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The narrator introduces Earth to the little prince, who
had never even imagined such a big planet. The narrator describes
the almost two billion grown-ups the earth contains: hundreds of
kings, thousands of geographers, hundreds of thousands of businessmen,
and millions of drunkards and vain men. The narrator also mentions that
before the advent of electricity, Earth held 462,511 lamplighters
who would perform a kind of global dance each day, unconsciously
coordinating their movements as the sun swept across the turning
planet. Only the lamplighters at the North and South Poles were
not part of this choreography, since they had to work only twice
The narrator admits that his description of Earth gives
a distorted picture because humanity actually takes up only a very
small percentage of the space on Earth and is not nearly as important
as most people think it is.
When the prince arrives on Earth, he is surprised to
see no one. He meets a snake, who informs him that he is in the
African desert, where there are no people. The little prince remarks
that it must be lonely in the desert, and the snake enigmatically
replies that it can be lonely among men also. Alluding to his poisonous
bite, the snake suggests that he could send the prince back to the
heavens with one “touch,” but then he decides that the prince is
too “innocent” for him to do so. The prince asks why the snake always
speaks in riddles. “I solve them all,” the snake says, and they
both fall silent.
Searching the desert for men, the little prince encounters
a three-petaled flower. The flower, who has at one point seen a
caravan pass by, tells the little prince that there are only a handful
of men on Earth and that they have no roots, which lets the wind
blow them away and makes life hard for them.
The little prince climbs the highest mountain he has ever
seen. From the top of the mountain, he hopes he will see the whole
planet and find people, but he sees only a desolate, craggy landscape.
When the prince calls out, his echo answers him, and he mistakes
it for the voices of humans. He thinks Earth is unnecessarily sharp
and hard, and he finds it odd that the people of Earth only repeat
what he says to them.
The prince eventually finds a road that leads him to a
huge rose garden. He is stunned to find so many flowers that look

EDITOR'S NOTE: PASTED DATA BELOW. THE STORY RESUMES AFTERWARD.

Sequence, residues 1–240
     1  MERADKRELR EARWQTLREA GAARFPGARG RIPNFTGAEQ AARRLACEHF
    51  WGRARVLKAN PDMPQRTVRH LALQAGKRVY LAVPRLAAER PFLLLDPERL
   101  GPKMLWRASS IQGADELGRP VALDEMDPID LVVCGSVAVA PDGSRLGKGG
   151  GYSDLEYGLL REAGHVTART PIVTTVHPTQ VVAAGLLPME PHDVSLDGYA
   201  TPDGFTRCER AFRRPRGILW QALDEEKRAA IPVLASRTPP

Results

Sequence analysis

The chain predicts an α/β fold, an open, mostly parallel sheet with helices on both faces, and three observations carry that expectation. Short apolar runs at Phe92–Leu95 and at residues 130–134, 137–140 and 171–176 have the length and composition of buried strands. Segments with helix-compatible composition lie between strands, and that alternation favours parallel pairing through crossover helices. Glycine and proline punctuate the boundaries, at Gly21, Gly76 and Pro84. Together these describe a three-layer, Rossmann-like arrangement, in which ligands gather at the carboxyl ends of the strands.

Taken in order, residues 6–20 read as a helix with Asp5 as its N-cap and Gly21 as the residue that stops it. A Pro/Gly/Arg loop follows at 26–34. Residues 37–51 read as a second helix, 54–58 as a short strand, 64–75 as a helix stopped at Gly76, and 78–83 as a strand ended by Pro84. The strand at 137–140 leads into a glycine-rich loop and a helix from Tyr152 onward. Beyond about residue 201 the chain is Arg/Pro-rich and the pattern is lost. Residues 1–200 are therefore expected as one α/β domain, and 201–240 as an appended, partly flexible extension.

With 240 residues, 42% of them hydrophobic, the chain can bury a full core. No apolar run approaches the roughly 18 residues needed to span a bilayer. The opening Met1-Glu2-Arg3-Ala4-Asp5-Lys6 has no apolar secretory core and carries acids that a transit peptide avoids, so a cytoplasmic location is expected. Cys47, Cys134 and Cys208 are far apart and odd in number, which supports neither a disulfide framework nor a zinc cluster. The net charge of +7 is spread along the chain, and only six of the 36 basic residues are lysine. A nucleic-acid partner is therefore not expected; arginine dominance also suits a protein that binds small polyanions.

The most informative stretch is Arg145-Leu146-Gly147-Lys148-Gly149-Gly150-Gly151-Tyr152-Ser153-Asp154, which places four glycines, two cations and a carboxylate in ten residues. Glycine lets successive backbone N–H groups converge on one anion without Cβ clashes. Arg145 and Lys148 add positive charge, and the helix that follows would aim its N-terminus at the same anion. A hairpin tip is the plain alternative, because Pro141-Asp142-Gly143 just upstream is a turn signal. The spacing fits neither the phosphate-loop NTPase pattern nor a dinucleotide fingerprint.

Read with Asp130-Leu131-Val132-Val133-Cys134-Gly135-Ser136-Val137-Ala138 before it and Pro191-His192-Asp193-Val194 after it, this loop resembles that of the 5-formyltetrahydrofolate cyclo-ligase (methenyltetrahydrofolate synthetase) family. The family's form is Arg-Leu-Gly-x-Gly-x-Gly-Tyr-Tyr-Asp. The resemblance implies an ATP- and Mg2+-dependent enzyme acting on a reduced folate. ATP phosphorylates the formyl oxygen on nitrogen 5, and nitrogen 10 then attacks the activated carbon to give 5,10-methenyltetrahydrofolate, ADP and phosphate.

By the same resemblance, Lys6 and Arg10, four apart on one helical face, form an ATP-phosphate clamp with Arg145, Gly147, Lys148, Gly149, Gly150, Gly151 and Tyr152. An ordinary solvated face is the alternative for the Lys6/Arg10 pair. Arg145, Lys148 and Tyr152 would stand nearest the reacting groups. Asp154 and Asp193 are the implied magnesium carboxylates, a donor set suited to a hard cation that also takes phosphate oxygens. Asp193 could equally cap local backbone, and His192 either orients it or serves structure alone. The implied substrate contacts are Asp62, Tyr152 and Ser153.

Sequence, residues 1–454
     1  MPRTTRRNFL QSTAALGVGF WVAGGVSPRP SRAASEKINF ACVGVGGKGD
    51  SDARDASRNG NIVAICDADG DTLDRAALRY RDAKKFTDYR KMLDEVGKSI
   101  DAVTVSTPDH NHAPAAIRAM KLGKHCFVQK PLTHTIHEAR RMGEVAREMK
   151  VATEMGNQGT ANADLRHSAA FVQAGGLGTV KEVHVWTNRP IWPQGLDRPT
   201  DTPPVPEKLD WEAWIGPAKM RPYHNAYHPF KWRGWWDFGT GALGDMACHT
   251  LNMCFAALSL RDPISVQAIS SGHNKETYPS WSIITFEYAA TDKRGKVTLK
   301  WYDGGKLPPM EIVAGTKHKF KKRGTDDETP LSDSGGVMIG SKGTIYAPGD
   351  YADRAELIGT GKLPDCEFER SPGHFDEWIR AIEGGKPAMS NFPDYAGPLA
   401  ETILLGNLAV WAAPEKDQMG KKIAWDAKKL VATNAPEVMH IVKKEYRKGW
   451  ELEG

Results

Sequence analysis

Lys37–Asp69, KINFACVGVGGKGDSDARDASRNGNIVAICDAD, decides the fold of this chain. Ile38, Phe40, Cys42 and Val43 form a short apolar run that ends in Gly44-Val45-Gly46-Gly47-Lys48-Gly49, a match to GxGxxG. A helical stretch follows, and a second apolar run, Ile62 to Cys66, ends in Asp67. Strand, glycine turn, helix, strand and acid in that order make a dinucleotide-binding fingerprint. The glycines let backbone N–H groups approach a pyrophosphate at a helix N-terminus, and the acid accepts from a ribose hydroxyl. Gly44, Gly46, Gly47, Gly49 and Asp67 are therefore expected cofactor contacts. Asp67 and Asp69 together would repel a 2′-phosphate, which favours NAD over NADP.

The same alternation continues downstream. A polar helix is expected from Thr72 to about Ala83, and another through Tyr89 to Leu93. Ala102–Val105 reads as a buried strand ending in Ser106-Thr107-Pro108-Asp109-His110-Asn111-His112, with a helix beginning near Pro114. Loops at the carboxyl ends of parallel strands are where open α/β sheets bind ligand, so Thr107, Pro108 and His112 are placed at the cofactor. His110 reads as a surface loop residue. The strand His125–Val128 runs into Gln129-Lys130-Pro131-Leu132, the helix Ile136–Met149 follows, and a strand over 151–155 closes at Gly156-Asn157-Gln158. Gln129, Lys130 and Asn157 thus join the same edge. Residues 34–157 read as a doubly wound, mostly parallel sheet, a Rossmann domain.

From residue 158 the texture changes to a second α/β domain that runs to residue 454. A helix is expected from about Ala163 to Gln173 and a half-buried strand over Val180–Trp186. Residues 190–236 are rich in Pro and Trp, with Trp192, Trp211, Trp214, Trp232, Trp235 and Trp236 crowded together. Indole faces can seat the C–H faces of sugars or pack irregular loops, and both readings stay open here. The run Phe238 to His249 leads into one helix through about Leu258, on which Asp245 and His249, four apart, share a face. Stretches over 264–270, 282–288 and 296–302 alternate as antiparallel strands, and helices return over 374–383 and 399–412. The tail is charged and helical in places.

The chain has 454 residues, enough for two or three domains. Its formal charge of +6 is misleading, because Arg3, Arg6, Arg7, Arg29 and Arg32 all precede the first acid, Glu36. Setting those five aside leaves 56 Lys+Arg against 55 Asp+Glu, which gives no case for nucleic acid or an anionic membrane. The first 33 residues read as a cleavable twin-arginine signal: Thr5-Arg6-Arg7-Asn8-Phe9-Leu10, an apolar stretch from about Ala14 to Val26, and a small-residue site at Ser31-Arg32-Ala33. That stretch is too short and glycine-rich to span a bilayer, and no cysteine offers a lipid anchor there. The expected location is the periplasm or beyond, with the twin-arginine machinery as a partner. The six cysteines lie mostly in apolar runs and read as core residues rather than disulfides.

just like his rose, who had told him she was unique. He begins to
feel that he is not a great prince at all, as his planet contains
only three tiny volcanoes and a flower he now thinks of as common.
He lies down in the grass and cries.
Like the baobabs, the snake the little prince meets in
Chapter XVII represents a force that is harmful. He evokes the snake
of the Bible, who causes Adam and Eve’s expulsion from Eden by convincing them
to eat the forbidden fruit. The snake in The Little Prince serves a
similar function. He speaks coyly of his powerful poison and then tantalizes
the prince with the idea of sending him home. Although he cannot
strike a creature as innocent as the prince, the snake suggests
that the prince is too weak and frail for this world and alluringly
phrases an offer for a quick trip back to the prince’s planet. Interestingly,
the snake seems to need to be invited to kill.
In Chapters XVI and XVII, the narrator switches viewpoints
several times. He initially presents a very matter-of-fact way of
looking at the world, focusing on the exact number of kings, geographers, businessmen,
drunkards, and vain men the world contains. His tone quickly becomes
colorful and impassioned as he describes the global “ballet” of
the lamplighters. Then, as chapter XVII begins, the narrator adopts
a confessional tone and admits that his portrait of the earth has
not been entirely truthful, because he has focused on men, who are
not actually such a significant part of the planet. The narrator’s
deceit suggests that both the pragmatic viewpoint of adults and the
imaginative viewpoint of children have limits. At the same time, his
deceit shows his fluency with different ways of looking at the world,
a sign that his mind has been opened.
Chapters XVIII and XIX further explore how one’s perspectives can
be limited. From a stationary viewpoint, no character can accurately
assess the world. The three-petaled flower has seen only a few men
pass by in the desert, so the flower thinks men are rootless and scarce
in number. The prince hears his own echo, so he thinks that men
simply repeat what is said to them. Even a figure as enlightened and
likeable as the little prince cannot help but have his beliefs shaped
by his limited perspective of the world around him.
A change in perspective means learning new things, and
the prince’s discovery of the rose garden illustrates how painful
some lessons can be. The prince’s discovery that his rose is quite
ordinary makes him feel plain and ordinary. In a way, the prince
has lived a life like the vain man’s. Alone on his planet, he was
convinced that his was the only flower with any value.
Ace your assignments with our guide to The Little Prince!